These might be the interesting times that people warned us about… I was approached by a journalist to talk about the way that conspiracism (and in particular the QAnon conspiracy) had developed in France in recent months (with the resulting article published by France24 here) and then shortly after by another (with the Vice article pubished here). It struck me that in the context of formulating responses to those journalists, it would make sense to record this in longer form. In short, conspiracism still seems to me a form of secular mysticism, in which people can dissolve themselves and find reassurance in a chaotic world. As Karen Douglas et al. define it, conspiracies “attempts to explain the ultimate causes of significant social and political events and circumstances with claims of secret plots by two or more powerful actors.”[1] The reassurance behind those ultimate causes is not neutral, however, and frequent connections to antisemitism in particular make me recoil at the wider success of such theories.

In talking about the emergence of QAnon as a trend in France, I spoke about how the conspiracy spoke to a wider trend of distrust in authority. That could refer to political, scientific or academic authority, really, and I think that the QAnon conspiracy speaks to all of those instincts. In very recent history in France, we’ve had the Gilets Jaunes protest movement in 2018/19 which was decentralised, fairly diffuse in terms of demands (except for the fact that elites were corrupt, and the people were not being listened to), and also largely channelled through Facebook. It skirted direct political affiliation, though plenty tried to court it from across the political spectrum. In addition, prominent trials of politicians and aides (from Fillon and ’emplois fictifs’, to the Benalla scandal around Macron, and also Sarkozy’s corruption trial or even Balladur facing accusations of kickbacks and influence peddling) have contributed to that sort of narrative. Then, all through last year, Didier Raoult (the Marseille doctor with the ‘miracle cure’) became a figurehead for a questioning of government responses to COVID (not an explicitly political one, but as a symbol of suspicion around state COVID responses, reinforced by that distrust of elites). That met wider popular dissatisfaction with lockdowns and curfews, as well as channelling a trend of anti-vax and ‘alternative’ medicine sentiment in France (including things like opposition to 5G, as with the recent march in Lyon). All of that relates only to the last couple of years, but can help explain how narratives of suspicion and distrust of authority can take on such force when woven together.

France, like all societies, has its share of conspiracies, though in terms of dissemination, media sources like DéQodeurs and FranceSoir (a once respectable newspaper, which went under and the name of which is now being used to peddle a wider range of more scurrilous content) have been important, as has the success of the ‘Hold-up’ documentary. Clearly the prominence of American media sources (and international commentary on its recent political travails) raises the profile of many American issues, and there is also a direct Francophone route through Québecois engagement with North American media. Beyond that, though, the themes of the conspiracy relating to elite scandal resonate clearly, and the gamification angle remains a hook for people to engage through social media and online sources (especially during a period of increased isolation, like at the moment).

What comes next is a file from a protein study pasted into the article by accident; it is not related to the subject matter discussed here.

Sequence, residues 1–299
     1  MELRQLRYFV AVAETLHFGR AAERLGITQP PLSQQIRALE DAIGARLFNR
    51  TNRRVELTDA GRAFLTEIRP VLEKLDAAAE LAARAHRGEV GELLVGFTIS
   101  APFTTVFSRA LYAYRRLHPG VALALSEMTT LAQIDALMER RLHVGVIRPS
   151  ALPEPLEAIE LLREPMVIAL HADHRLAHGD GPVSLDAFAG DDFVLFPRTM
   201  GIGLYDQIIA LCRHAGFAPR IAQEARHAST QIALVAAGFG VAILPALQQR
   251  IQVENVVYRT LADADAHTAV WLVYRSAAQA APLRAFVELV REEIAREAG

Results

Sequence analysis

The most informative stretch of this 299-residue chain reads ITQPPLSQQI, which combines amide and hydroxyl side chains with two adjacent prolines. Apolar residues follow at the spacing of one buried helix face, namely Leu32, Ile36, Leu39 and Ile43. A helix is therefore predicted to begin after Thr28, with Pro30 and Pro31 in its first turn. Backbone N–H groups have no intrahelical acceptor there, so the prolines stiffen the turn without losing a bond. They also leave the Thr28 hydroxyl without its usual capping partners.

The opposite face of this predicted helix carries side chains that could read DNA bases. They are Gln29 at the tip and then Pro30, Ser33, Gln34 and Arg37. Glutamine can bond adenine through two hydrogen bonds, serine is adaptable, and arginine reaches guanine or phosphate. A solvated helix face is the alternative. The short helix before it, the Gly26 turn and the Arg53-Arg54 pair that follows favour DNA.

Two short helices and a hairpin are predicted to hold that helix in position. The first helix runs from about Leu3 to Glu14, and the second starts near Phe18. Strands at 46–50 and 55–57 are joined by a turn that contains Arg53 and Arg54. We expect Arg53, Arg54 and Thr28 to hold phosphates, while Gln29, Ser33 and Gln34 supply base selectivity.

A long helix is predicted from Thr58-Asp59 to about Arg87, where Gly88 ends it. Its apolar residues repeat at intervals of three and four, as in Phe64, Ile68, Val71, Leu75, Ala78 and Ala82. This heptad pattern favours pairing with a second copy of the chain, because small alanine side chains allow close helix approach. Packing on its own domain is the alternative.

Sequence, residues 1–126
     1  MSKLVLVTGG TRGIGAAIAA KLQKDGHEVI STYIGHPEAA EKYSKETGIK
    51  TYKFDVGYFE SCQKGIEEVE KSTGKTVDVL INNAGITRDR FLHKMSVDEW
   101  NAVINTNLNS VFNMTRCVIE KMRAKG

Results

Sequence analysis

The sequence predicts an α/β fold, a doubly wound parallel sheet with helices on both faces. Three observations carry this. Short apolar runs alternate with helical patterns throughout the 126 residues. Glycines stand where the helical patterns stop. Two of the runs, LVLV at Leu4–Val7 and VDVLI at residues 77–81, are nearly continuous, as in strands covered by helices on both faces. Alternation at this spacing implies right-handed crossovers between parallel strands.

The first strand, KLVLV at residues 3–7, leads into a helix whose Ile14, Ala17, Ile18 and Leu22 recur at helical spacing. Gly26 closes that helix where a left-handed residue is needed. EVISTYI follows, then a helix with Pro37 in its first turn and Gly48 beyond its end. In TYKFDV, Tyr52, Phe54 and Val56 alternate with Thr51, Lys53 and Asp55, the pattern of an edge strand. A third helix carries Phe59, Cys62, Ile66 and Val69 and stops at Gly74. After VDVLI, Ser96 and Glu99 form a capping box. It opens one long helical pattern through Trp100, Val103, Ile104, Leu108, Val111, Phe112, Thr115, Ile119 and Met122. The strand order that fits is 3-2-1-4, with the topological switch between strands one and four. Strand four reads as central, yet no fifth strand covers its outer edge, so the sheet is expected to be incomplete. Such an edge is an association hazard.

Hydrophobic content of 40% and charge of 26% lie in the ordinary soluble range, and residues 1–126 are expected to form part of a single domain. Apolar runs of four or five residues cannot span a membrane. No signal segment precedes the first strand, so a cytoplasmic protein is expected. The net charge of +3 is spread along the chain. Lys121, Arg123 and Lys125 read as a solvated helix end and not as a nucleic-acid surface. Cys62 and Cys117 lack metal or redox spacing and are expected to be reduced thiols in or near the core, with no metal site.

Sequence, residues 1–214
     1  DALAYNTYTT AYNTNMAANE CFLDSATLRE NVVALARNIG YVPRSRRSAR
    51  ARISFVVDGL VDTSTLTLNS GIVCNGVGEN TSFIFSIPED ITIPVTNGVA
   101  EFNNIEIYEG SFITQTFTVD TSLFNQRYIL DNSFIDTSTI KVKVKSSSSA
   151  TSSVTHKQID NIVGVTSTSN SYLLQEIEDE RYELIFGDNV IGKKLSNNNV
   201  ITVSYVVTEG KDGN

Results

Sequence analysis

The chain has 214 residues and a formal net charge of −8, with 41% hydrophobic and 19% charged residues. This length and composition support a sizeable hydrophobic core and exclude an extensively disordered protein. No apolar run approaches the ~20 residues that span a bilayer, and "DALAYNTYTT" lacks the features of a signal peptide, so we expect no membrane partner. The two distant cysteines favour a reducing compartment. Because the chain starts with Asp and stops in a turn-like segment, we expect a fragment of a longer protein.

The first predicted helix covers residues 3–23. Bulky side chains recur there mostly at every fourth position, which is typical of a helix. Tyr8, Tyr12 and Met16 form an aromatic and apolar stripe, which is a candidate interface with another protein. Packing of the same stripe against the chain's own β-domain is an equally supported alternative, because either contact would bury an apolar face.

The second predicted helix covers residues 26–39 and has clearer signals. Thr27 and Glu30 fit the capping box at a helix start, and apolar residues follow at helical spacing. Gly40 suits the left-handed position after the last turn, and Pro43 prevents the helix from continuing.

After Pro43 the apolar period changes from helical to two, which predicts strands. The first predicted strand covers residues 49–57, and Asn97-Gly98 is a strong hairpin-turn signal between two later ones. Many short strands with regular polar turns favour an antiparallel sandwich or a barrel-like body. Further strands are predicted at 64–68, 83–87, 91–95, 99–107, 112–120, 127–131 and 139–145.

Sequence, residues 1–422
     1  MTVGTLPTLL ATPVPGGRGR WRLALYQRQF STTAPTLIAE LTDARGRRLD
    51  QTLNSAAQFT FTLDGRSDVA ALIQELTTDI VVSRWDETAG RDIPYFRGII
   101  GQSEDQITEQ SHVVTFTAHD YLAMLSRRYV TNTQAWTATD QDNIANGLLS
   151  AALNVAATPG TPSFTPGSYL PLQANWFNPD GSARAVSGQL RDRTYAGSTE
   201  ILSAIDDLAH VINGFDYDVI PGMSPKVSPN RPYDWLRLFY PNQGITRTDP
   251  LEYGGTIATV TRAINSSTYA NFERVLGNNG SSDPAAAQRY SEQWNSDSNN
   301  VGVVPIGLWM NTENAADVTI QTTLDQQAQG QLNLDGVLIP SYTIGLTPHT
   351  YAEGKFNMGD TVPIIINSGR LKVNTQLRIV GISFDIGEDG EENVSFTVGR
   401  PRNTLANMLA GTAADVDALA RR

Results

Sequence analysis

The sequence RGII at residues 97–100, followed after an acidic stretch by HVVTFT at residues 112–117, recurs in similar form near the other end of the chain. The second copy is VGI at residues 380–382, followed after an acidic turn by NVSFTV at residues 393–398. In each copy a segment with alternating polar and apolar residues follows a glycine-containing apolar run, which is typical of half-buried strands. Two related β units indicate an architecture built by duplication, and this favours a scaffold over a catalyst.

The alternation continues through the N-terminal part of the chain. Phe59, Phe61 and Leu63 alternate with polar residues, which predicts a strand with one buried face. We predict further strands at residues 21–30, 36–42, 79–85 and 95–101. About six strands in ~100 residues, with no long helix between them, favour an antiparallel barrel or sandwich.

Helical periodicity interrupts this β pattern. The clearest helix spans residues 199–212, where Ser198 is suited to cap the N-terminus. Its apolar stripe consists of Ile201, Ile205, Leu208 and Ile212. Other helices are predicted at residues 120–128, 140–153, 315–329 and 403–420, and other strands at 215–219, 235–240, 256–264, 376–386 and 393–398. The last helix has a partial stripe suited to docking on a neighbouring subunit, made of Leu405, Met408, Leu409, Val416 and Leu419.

In general, I don’t see the existence or popularity of QAnon in France as constituting an immediate political threat – I don’t see it imminently generating a party or candidates for election, for example – but instead as a symptom of a wider decay in political culture (and I don’t limit that to France, by any means). For me the danger it represents is socio-cultural, undermining faith in the probity of the political institutions of parliamentary democracy, the scientific institutions which help research and improve our lives, and the nature of truth and honesty in ordinary discourse. In and of itself, the conspiracy does not spell the death knell for any of these, though it underlines the importance of defending democratic institutions and should remind us that democracy is not a passive spectator sport. I think it is right that the French state has commissioned MIVILUDES to examine the threat posed to the Republic by this trend. 

In uncertain political times and moments of profound change (as COVID has surely been), I think it is a function of reassurance to cling to the idea that someone or something is controlling events, and that control can be wrested back from them. My real worry with this particular QAnon trend is the way that some of its more outlandish claims relate to the blood libel, and the clear way in which some American participants have circulated things like the Protocols of the Elders of Zion in support of the QAnon conspiracy. As with the discredited antisemitic Protocols, translation and republishing generated a conspiratorial force which saw it become an international sensation. I worry that this type of conspiracy springs from the same impulse and I think we should be watchful of its potential to coarsen political discourse and envenom broader sociocultural interactions. We are barely a month past Holocaust Memorial Day and I think it behoves all of us to confront and challenge antisemitism and the climates of fear and manipulation which feed these execrable ideas.

[1] Karen Douglas et al., ‘Understanding Conspiracy Theories’, Political Psychology, 40:1 (2019), pp.3-35.

Photo by Markus Winkler on Unsplash

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